Clavus hystericus, sometimes called “hysterical headache,” is the clearest example of a gendered diagnostic category in this time period. In his Treatises on the Diseases of the Nervous System, James Ross describes hysterical headache as a variation of hysteria: “Hysterical Headache is met with in females, and is generally accompanied by other symptoms of hysteria. This form of headache is on the one hand closely allied to trigeminal neuralgia, and on the other to true migraine. The pain is sometimes diffused and deep-seated, but it is more frequently limited to one spot, and feels as if a nail were being driven through the skull; hence it is called ‘clavus.’ Hysterical headache is increased in severity during the menstrual period and by mental worry, whilst it is removed by amusement and anything which engages the attention.” “Hysterical tendencies” could distinguish the pain of clavus hystericus from other headache disorders, although authors were usually vague about what, exactly, constituted these symptoms. In his 1888 monograph on headache disorders, Allan Mclane Hamilton suggests only one objective distinction: “Hysterical women are very apt to complain of very great diffused hyperaesthesia of the scalp, so that the simple act of brushing the hair causes great distress.” (This complaint might now be diagnosed as allodynia, which is a pain condition associated with migraine.) Knowing which of his patients had what Hamilton called “neuralgia,” which is described in his book as having a solid biological basis, and which were merely hysterical was important for treatment, as hysterics “are more apt than any others to form the opium habit, or that of alcoholism, and great care should be taken lest, by yielding to their demands, we foster something worse than the headache or hysteria.”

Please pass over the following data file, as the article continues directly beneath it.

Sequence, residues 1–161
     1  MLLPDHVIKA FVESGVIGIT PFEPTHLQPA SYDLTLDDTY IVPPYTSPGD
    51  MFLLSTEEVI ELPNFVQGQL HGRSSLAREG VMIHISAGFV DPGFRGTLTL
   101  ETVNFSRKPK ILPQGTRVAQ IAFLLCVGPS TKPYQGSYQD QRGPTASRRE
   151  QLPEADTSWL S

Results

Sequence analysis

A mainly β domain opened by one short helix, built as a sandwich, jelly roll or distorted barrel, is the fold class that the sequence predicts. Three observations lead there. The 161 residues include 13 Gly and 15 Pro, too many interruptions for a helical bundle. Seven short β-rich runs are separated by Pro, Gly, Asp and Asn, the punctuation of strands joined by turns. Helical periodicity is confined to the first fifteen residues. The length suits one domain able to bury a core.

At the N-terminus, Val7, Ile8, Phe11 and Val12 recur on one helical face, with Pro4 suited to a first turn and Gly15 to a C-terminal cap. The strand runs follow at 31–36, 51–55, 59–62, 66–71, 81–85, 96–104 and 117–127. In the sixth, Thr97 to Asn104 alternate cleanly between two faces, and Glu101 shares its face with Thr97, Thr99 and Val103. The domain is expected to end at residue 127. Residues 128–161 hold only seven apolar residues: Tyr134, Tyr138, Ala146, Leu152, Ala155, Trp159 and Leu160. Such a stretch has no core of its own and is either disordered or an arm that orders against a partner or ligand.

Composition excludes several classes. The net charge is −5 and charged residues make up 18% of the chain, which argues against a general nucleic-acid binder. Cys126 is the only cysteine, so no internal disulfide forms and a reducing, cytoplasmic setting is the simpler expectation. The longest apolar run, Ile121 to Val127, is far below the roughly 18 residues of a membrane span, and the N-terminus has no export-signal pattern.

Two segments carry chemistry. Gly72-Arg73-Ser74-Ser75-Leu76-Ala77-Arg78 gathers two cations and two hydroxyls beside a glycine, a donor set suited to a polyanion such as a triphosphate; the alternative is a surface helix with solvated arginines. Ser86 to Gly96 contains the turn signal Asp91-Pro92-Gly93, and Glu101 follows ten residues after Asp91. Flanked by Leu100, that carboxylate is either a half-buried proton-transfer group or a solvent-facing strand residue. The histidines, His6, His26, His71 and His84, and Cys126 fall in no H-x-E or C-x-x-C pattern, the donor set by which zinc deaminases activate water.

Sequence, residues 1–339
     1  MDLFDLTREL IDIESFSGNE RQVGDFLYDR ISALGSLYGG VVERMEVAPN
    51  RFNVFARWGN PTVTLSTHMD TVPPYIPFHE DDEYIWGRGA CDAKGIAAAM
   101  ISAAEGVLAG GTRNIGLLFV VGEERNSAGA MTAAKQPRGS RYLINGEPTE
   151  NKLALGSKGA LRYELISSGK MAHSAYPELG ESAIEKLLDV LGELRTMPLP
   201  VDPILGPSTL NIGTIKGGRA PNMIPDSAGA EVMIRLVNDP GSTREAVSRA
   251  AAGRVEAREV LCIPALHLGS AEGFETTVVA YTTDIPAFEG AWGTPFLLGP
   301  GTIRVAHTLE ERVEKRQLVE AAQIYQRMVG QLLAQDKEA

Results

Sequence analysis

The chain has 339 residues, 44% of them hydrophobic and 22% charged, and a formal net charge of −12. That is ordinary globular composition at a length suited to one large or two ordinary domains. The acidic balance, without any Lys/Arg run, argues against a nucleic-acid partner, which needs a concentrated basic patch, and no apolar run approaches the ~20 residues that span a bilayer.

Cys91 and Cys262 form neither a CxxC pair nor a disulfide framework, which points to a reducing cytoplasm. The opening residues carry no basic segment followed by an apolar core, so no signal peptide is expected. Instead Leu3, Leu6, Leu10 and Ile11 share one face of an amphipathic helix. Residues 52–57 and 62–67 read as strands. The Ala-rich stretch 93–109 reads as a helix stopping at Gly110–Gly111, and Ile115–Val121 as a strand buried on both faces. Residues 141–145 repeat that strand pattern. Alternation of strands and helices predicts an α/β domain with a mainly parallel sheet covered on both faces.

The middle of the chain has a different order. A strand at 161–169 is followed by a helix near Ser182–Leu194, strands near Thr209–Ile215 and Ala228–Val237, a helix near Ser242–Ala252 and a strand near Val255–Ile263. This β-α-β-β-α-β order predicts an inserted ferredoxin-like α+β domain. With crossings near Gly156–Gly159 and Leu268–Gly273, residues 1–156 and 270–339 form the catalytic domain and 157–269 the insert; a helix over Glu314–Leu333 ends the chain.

Today’s discussions of the opioid epidemic and chronic pain, whose pain is real, and who deserves treatment echoes some very old discussions.